K’naan is not afraid to shed light on sensitive issues and address real global challenges through his music. Whether standing up to the UN, or consistently creating urgent music with a message, K’naan always makes his voice heard.

To read more about K’naan: click here.

K’naan will inspire attendees through a unique keynote address and then close the night with a small performance.

(Above text courtesy of the EWB National Office website)

Register for the exciting 2011 EWB national conference here  .

27 Oct

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News From Mark In Ghana

October 27, 2010 | By |

Update From The Field

Grand River Chapter member Mark Soares has joined the team of the District Agricultural Development Unit (DADU) in Saboba. He has been working with fellow Grand River volunteers Ben Best and Erin Antcliffe on tackling some of the management challenges found in the Ministry of Food and Agriculture that are affecting the implementation of the Agriculture As A Business Program. 

Some of Mark’s other day to day responsibilities include:

– working with staff at the office, helping them with office tasks;

– working on the EWB “ Agriculture as a Business”  program coordination and curriculum delivery;

– doing field visits with an Agricultural Extension Agent and delivering one of 10 workshops associated with the agriculture as a business program, to a farmer group in a rural village.

Learn more about Mark’s work with the Ministry of Food and Agriculture and his exciting adventures in Saboba by following his blog!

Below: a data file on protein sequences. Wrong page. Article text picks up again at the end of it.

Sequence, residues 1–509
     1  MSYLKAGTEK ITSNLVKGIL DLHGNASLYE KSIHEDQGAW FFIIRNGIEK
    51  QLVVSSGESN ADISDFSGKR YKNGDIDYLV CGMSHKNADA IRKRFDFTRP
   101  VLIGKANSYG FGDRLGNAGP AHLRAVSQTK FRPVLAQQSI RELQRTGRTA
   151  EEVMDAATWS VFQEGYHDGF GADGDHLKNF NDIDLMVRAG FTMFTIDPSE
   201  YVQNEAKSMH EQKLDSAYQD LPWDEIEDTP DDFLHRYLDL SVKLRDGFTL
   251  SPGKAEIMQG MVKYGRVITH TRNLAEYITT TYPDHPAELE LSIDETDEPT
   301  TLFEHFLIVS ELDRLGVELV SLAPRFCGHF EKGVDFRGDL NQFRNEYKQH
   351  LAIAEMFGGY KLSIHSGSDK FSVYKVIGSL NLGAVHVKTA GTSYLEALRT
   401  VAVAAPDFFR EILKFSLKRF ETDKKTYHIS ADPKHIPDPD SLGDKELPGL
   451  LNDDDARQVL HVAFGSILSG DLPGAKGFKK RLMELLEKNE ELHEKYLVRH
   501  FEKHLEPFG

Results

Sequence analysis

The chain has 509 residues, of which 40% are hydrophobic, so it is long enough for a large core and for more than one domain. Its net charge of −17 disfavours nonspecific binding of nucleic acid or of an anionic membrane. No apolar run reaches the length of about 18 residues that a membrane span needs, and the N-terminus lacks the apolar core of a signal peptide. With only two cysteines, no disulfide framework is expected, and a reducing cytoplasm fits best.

11 Oct

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Are you a Planner or a Searcher?

October 11, 2010 | By |

Update From The Field

Hello Grand River !

Reporting in from Mzimba, Malawi where I’ve been working for the past month and half as part of EWB’s Water and Sanitation Team with the Mzimba District Water Development Office (DWDO). 

The DWDO is responsible for providing sustainable water access to rural communities across the district.   This goal doesn’t just mean installing boreholes and water points, but perhaps even more importantly, it involves making sure that the water points stay functional, that communities are aware of proper sanitation and hygiene practices, and that those areas with the most need are being addressed, in order to provide reliable and safe water access to everyone.    It’s not an easy job, but it’s an important one. 

As the Grand River Chapter’s African Partner, it is my job to keep you updated with the work that EWB is doing on the ground in Malawi that everyone’s hard work and financial contributions are helping to support.  I’m excited to still be closely connected with the Grand River Chapter, despite being geographically quite far away. 

I’d like to introduce you to my blog: www.lyssintomalawi.wordpress.com, where I’m keeping track of thoughts, feelings and experiences to share with others.  We’ll also make sure that at least a monthly update appears on the Grand River Website, so you can follow along as my work progresses.  This week’s entry ‘Are you a Planner or a Searcher?’ looks at questions I’m asking as I examine my role within the DWDO.